By Sarah Kliff
Vox, October 4, 2018
Leon Lederman won a Nobel Prize in 1988 for his pioneering physics research.
But in 2015, the physicist, who passed away Wednesday, sold his Nobel Prize medal for $765,000 to pay his mounting medical bills. The University of Chicago professor began to suffer from memory loss in 2011, and died in an Idaho nursing home.
In a lot of ways Lederman’s story represents the best and worst of America. Lederman was born in the 1920s to a father who worked in a laundry facility. He went on to discover the Higgs boson subatomic particle, the so-called “God particle.”
But even an accomplished physicist and university professor isn’t immune from America’s sky-high health care prices.
Leon Lederman, 96, Explorer (and Explainer) of the Subatomic World, Dies
By George Johnson
The New York Times, October 3, 2018
Leon Lederman, whose ingenious experiments with particle accelerators deepened science’s understanding of the subatomic world, died early Wednesday in Rexburg, Idaho. He was 96.
Early in his career Dr. Lederman and two colleagues demonstrated that there are at least two kinds of particles called neutrinos (there are now known to be three), a discovery that was honored in 1988 with a Nobel Prize in Physics. He went on to lead a team at the Fermi laboratory, in Batavia, Ill., that found the bottom quark, another fundamental constituent of matter.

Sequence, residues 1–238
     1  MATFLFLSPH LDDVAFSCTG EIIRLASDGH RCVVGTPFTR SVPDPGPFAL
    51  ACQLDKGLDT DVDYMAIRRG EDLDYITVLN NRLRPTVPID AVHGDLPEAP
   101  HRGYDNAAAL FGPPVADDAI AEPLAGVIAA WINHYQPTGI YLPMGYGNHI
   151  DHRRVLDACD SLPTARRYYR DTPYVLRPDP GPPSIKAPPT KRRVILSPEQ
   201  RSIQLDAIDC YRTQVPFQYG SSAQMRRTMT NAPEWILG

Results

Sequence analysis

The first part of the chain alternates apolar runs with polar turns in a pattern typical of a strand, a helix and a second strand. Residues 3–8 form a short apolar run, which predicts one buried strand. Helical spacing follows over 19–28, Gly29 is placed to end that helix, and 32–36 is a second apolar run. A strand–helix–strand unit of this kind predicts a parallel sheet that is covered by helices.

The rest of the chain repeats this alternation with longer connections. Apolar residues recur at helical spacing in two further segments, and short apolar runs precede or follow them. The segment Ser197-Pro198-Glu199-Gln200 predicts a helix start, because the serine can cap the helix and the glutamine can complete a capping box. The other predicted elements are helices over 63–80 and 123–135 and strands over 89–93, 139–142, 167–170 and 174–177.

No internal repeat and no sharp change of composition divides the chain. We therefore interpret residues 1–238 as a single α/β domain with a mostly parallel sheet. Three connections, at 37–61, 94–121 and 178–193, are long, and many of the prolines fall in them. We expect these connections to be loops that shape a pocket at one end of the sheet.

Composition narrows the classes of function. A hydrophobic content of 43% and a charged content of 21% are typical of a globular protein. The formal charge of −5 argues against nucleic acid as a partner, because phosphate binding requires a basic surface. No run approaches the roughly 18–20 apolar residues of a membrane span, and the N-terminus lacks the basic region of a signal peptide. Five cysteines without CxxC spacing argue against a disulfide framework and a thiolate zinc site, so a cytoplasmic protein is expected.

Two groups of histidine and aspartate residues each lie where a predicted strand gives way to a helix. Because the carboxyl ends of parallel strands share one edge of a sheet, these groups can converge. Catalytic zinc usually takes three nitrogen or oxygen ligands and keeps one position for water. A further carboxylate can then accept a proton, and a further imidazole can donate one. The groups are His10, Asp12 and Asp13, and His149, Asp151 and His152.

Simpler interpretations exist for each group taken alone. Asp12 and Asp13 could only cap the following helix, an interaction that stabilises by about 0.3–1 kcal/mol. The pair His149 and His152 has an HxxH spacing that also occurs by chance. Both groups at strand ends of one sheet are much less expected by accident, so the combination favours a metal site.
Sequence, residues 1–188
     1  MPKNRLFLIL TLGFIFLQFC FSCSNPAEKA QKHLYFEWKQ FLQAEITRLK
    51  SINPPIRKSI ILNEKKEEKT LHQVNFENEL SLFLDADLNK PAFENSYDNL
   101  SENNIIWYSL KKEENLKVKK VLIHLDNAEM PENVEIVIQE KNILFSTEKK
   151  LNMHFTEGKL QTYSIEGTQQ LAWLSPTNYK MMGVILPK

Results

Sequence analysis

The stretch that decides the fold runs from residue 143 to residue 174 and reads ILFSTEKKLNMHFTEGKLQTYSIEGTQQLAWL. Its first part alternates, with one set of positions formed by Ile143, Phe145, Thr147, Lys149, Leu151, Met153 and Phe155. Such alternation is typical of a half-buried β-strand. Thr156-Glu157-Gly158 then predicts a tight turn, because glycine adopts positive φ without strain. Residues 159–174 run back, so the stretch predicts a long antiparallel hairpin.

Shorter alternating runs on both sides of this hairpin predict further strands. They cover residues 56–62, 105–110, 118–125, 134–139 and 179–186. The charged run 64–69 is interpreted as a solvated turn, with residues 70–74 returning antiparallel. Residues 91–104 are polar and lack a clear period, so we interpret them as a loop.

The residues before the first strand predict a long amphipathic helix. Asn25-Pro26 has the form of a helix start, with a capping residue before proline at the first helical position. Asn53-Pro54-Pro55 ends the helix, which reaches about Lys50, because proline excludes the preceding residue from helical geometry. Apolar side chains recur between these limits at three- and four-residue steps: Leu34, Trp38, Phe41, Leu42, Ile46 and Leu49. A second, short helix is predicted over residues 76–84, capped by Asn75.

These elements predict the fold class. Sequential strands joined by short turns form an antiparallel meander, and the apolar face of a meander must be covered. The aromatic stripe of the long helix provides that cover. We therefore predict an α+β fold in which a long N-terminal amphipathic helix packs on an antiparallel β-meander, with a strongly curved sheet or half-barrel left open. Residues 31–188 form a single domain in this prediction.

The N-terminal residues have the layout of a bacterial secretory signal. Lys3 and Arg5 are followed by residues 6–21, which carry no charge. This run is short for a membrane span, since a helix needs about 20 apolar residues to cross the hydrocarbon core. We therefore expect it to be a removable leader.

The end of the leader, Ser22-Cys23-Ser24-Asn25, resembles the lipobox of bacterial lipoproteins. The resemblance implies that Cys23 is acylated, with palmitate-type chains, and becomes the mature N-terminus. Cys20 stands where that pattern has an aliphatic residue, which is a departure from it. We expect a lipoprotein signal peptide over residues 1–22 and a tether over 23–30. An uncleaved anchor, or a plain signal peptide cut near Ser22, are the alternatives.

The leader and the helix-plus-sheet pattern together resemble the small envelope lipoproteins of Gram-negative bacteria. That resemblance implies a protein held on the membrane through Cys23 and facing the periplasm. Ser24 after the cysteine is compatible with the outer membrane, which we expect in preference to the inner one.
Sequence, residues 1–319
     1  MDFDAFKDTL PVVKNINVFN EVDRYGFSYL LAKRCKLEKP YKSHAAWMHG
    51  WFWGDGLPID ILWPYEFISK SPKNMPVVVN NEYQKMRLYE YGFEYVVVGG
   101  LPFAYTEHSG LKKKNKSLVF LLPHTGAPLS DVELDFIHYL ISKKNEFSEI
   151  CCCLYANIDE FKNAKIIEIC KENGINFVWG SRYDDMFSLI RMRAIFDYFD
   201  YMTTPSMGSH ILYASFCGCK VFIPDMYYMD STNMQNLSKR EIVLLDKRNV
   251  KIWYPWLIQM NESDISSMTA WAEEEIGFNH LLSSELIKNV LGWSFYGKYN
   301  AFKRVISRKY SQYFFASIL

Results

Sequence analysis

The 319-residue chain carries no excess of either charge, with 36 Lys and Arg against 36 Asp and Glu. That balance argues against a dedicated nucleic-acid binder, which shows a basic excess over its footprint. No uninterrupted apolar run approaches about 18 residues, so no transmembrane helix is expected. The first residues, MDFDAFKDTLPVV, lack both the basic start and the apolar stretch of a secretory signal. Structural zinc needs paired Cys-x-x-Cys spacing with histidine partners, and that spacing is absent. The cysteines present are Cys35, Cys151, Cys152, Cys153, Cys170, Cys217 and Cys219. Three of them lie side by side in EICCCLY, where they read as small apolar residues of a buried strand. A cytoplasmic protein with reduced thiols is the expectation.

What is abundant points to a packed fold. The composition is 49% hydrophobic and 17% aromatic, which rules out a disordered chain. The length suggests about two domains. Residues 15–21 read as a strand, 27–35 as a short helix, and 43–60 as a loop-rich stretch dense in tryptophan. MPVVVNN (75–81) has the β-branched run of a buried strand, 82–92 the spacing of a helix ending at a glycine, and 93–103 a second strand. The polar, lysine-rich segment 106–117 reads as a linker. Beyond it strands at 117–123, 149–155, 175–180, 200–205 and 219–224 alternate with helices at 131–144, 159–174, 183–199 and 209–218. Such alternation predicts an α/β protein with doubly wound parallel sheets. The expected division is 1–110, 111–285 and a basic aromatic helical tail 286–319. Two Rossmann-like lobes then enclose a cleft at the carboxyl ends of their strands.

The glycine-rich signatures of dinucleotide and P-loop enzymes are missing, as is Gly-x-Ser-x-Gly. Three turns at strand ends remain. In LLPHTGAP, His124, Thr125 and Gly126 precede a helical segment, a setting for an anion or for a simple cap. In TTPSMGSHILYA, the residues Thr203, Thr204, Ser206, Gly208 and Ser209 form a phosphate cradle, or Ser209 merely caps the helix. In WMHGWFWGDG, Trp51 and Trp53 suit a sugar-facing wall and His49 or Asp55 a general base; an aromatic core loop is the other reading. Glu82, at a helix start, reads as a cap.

He and his wife, Ellen, moved to their place in Idaho, in Driggs, just before his 90th birthday. Found to have dementia, he was advised by his doctors to live in peaceful surroundings. In 2015 the couple agreed to let an online auction company sell his Nobel Prize medal. The proceeds, $765,002 before taxes, were set aside for future medical expenses.
“There’s always a place at the edge of our knowledge, where what’s beyond is unimaginable, and that edge, of course, moves,” Dr. Lederman told The Times in 1998.
In the beginning were the laws of physics. But where did the laws come from? At that point, he said, “You’re stuck.”
“I usually say, ‘Go across the street to the theology school, and ask those guys, because I don’t know.’”
By Don McCanne, M.D.
Yes, only in America. Nobel laureate Leon Lederman sold his Nobel medal in order to help pay for his pending medical bills.
To learn more about this remarkable gentleman, the full New York Times obituary is well worth reading.
Then take time out for a contemplative interlude. We all know about the injustices of our health care financing system that negatively impact those of modest or meager means, but a Nobel laureate?
We can do better that that, to the benefit of everyone.
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